Headlines: December 8th, 2006



Ten local authorities are to get a share of 18.5 million pounds of Government money for projects designed to help older people to lead more independent lives and to stay in their own homes. The announcement by the Care Services Minister, Ivan Lewis, marked the beginning of the next stage in piloting the Partnerships for Older People Projects.

The programme is designed to provide support services closer to older people and to deal with needs ranging from low level through to being complex, with the aim of helping them to stay independent for longer and avoid the need for higher intensity or institutional care in the future. The money will go to the ten authorities which successfully bid for a share of it. The new schemes will be established from the beginning of May and will be supported by the Care Services Improvement Partnership. The successful new authorities will join the first round of pilot sites with the result that POPPS projects will now cover 9 regions around the country.

The winning local authority partnerships announced by Mr. Lewis are Rochdale, Tameside, Calderdale, Leicestershire, Croydon, West Sussex, Kent, North Somerset, Devon and Gloucestershire. POPPS was launched in 2005 and projects in the first phase included mental health cafes for older people, telephone advice services and befriending schemes. In the second stage councils were asked to work with older people to develop proposals to help people in their areas live healthy active lives.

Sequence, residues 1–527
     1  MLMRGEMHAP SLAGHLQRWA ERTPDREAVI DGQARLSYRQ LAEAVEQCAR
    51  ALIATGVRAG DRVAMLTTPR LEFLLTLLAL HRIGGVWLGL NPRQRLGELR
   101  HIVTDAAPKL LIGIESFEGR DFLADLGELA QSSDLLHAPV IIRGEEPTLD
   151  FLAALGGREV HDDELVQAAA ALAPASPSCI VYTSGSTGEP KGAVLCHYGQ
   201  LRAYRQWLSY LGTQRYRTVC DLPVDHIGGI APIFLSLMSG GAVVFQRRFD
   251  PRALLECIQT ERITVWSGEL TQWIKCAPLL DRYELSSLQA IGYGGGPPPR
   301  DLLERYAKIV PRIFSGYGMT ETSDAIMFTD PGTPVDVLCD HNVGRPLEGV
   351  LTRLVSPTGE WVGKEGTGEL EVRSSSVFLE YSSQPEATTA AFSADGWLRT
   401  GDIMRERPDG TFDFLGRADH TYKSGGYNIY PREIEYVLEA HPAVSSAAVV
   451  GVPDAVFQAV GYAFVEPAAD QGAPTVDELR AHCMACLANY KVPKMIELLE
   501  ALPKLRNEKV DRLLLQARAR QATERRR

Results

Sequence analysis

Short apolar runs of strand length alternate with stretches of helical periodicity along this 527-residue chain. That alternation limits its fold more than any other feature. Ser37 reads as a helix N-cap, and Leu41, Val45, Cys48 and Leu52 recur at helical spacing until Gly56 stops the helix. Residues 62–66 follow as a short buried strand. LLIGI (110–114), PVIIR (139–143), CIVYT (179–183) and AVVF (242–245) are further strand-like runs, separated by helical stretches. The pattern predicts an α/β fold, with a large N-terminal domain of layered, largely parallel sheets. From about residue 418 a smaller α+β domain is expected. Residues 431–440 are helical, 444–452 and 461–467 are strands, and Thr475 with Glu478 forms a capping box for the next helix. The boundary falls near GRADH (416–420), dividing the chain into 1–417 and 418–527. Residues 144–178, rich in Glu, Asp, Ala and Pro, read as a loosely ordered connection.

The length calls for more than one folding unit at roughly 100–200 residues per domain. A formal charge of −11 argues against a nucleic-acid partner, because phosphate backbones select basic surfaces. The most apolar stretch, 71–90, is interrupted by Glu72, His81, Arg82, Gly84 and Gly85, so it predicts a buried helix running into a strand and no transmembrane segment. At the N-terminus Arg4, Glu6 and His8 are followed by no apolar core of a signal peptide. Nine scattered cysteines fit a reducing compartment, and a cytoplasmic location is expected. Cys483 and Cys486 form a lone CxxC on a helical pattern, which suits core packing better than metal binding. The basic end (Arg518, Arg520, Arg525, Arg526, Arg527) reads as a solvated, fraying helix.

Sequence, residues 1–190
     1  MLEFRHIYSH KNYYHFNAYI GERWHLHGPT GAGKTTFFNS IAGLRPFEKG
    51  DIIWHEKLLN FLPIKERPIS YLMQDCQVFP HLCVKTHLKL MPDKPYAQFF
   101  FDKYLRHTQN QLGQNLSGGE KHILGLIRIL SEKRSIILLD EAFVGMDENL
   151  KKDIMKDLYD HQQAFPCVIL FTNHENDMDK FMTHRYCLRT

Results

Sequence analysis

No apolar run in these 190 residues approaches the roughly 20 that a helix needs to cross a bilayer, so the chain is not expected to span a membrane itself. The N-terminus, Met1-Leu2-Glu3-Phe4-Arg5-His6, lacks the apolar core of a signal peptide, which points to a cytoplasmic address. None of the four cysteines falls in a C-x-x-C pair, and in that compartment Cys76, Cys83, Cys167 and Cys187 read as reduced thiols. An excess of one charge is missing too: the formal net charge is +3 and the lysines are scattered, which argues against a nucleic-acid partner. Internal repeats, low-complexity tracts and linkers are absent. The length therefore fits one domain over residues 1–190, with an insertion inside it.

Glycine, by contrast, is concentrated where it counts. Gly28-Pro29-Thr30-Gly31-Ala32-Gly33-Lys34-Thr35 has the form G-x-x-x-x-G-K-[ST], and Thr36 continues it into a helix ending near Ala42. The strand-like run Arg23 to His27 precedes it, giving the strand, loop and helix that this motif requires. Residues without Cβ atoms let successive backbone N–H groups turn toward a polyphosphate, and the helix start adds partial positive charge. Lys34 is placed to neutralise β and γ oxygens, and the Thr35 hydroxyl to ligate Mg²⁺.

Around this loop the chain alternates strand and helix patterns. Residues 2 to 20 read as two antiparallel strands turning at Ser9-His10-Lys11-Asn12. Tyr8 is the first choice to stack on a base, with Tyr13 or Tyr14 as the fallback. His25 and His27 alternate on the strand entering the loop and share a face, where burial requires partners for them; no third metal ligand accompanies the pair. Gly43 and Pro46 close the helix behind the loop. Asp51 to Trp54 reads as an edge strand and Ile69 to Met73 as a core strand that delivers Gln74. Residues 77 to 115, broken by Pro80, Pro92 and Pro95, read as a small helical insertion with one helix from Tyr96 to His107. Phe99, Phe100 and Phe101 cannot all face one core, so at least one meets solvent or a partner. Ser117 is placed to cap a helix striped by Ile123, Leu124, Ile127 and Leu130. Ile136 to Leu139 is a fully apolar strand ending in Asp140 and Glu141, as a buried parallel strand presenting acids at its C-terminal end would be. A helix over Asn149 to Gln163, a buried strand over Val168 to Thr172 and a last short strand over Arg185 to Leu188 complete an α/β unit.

The Minister told a conference that brought together professionals to share their experiences of the first round of projects, that older people were clear they wanted to be cared for in their own homes and communities for as long as possible. These projects, he said, would encourage a shift in emphasis in care towards prevention and bringing that care closer to older people’s homes. “Research shows that early intervention when people’s needs are low can improve well-being, help them stay independent and maintain their quality of life,” he said and added, “The pilots are testing new ways to improve the lives of older people, giving them greater personal control over their physical and emotional health, and helping them to remain independent wherever possible.”